October 15, 2015

EDITORIAL: Ensuring ‘Any Person’ Can Afford Cornell

Print More

Throughout this semester, at least two students have publicized their inability to pay for a Cornell education and resorted to online crowdfunding platforms to pay off the balances owed to the University. Late last month, Jonah Okike-Hephzibah ’18, who identified himself as an undocumented student, started a GoFundMe page to avoid being removed from Cornell. Within days, he raised over $20,000. Days later, Nikolai Lumpkins ’16 followed suit and has since raised over $5,000.

The generosity of the Cornell community in response to fellow students’ needs is remarkable and demonstrative of how our capacious campus shrinks to help those in crisis or need. However, the fact that Okike-Hephzibah and Lumpkins needed to turn to crowdsourcing as a solution to their financial need is troublesome and causes us to wonder how many more students with similar situations walk among us each day. As described by John Lowry ’16, president of the Class of 2016, crowdfunding is not a long-term solution to solve the financial challenges facing some students across campus.

One of the issues highlighted by Okike-Hephzibah’s campaign is international student financial aid. Both domestic and international students are admitted to Cornell need-blind, meaning their ability to pay does not influence their admissions decision. However, only domestic students that demonstrate financial need are guaranteed a support package that will enable them to attend Cornell. While we understand that the University is under federal and state legal obligations to only award government-sponsored financial aid to citizens and legal residents of the United States, our growing international — and, possibly undocumented — student populations deserve the respect afforded to domestic students.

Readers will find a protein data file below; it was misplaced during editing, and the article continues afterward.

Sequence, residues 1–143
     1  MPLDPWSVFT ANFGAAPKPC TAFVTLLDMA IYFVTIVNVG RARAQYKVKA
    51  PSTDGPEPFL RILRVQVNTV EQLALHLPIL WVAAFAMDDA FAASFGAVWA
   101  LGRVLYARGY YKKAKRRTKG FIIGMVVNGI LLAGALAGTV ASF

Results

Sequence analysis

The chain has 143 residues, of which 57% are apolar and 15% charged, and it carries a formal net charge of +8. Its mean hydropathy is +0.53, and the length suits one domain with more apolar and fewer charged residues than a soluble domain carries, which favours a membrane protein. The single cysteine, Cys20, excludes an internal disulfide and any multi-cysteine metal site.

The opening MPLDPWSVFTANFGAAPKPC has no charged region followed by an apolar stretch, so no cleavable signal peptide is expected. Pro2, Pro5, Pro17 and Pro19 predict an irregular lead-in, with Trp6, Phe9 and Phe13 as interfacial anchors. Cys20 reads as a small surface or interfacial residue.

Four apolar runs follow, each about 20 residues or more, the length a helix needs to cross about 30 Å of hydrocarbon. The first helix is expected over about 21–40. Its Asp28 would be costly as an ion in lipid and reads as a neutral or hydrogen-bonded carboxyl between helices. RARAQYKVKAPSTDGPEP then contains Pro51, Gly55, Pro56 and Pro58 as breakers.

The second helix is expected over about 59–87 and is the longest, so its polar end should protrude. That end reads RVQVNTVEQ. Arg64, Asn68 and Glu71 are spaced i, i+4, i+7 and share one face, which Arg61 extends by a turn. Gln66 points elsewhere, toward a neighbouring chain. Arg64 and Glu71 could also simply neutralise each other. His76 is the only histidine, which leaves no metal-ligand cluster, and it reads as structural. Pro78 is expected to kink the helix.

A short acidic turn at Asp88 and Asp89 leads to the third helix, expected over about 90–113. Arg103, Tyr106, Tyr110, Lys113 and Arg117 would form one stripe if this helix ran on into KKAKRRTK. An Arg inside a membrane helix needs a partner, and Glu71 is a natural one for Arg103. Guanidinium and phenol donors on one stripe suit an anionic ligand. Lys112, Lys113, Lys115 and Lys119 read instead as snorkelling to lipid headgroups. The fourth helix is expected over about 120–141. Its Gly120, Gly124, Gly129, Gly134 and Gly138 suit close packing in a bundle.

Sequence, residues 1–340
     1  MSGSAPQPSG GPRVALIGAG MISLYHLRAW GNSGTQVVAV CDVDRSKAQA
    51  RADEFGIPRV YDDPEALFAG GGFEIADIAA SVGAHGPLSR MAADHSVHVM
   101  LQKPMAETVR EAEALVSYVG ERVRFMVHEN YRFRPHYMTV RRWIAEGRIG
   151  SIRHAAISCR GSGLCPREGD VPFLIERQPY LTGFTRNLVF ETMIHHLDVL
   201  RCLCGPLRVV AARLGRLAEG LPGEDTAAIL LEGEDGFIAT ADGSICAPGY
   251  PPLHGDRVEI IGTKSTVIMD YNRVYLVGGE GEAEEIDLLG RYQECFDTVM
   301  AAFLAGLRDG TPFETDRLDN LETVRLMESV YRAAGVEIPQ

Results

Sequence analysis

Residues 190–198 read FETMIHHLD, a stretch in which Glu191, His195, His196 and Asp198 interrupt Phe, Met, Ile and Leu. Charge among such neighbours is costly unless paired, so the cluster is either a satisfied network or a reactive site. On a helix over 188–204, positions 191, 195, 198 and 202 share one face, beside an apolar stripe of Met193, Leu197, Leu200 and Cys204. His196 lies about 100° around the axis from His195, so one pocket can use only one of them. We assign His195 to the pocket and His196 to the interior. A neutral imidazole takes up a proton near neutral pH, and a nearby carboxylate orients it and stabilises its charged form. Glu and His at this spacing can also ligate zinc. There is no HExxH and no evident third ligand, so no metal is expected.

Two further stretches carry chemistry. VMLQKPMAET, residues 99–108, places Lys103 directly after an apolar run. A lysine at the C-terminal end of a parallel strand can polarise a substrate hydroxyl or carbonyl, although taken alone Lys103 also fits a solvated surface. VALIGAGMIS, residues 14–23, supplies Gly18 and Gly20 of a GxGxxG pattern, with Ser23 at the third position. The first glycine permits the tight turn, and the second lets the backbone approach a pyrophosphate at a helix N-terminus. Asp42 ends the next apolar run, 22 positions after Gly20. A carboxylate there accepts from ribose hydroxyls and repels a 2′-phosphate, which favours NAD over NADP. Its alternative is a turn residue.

We recognize the issues surrounding financial aid are complex and will not be solved instantaneously. But as Cornell reevaluates its priorities with its next fundraising initiatives, we urge the University to consider ways to make the Office of Financial Aid more accessible to Cornellians in an effort to reduce misunderstandings and to continue to increase the available amount of aid to all students. When students continue to struggle to afford the costs of attending this University and to understand the inner workings of Day Hall, additional work must be done to bridge that gap.